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Uploaded on:
17/01/2023 15:45
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ID: 76840
Country: Kenya
Title: Kenya - Upper Tana Catchment Natural Resource Rural Voices - October 2022
Description: Francis Njoroge is a trained electrical engineer, who like many other youths in Kenya, couldn’t find a job due to the current economic status leading to a high unemployment rate. He identified and applied for an opportunity to supply tree seedlings on a tender basis. His proposal was denied because he did not meet the certification requirements of having a registered company and the appropriate certifications required. He registered Kikamara enterprise as his business and applied for the ground certifications which were consequently denied since he was farming at the riverbank which meant he was using contaminated water and adding on to the contamination through herbicide use while farming which trickled to the water. At that point, he had lost hope in growing and scaling his idea because he lacked a way forward. Fortunately, he attended the Ndakaini tree planting forum where he heard about the Water Fund and was informed on how to set up a water pan. He paid KES 3,000 and three days later he had a fully installed water pan to harvest water from the rain and this enabled him to acquire the requisite ground certification.

The installed water pan collected its capacity of 50,000 cubic liters of uncontaminated rainwater, combined with his fertilizer-free, virgin soil organic farming approach, he now boasts of producing quality and healthy tree seedlings. Fruit seedlings which are very sensitive to any form of contamination can now fully flourish and gain the organic nutrients they require. He has currently produced more than 150,000 tree seedlings of 10 different fruit, exotic, and indigenous species. The water pan allowed him to depend on an artificial water source on his farm rather than the natural river and grow fruit trees along the bank to reduce the pollution of the river as a result of farming.

Fully certified, he bagged the opportunity to supply Avocado tree seedlings to the Muranga county government under their MOU with Water Fund to supply a million tree seedlings. He now supplies other farmers with fruit seedlings to grow along the river and uses the collected water to water his seedlinigs and as irrigation for his vegetable farming. His increased income allowed him to create employment for his fellow youth and diversify to dairy farming as another source of income from the money he saved by selling the seedlings. Water fund also supported him through free silage development training that has enabled him to develop animal feed for his cows even through the drought. The drought season hinders him from growing quality tree seedlings and thanks to the diversification of income, he can rely on the income from dairy farming to get him through the season. Although the current drought poses significant challenges, he hopes to expand his water pan to a capacity of 100,000 cubic liters to enable him to scale his business and the resultant environmental impact. He is a proud contributor to the government's goal of achieving a 10% forest cover in Kenya.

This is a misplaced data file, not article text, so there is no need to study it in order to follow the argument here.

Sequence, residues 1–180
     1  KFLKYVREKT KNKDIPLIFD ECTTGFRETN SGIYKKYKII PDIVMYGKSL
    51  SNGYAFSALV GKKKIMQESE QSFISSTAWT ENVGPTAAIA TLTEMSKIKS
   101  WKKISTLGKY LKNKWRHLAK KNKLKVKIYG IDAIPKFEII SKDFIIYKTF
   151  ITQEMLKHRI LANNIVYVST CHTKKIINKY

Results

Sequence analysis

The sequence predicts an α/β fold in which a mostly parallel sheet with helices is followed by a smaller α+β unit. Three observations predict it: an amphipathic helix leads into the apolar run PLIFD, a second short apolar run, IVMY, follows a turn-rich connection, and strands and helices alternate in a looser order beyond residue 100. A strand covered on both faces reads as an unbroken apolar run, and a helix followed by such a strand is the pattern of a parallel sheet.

The goal of Upper Tana Catchment Natural Resource Management Project is to contribute to the reduction of rural poverty in the Upper Tana River catchment through increased sustainable food production and incomes for poor rural households, as well as sustainable management of natural resources. The project has three main components; Empowering communities to sustainably manage natural resources by building their capacity to develop resource management plans while also improving their livelihoods, Sustainably improving the incomes and living standards of the target group through interventions that are beneficial to the management of the natural resource base and Improving the sustainable management and use of water and other natural resources.

The target area for the project is the Upper Tana catchment, covering 6 of Kenya's 47 counties. Around 205,000 poor rural households – including smallholder crop and livestock farmers, agro-pastoralists, fishers and rural traders – are expected to benefit from the initiative, which features a special focus on women, young people and other vulnerable groups.
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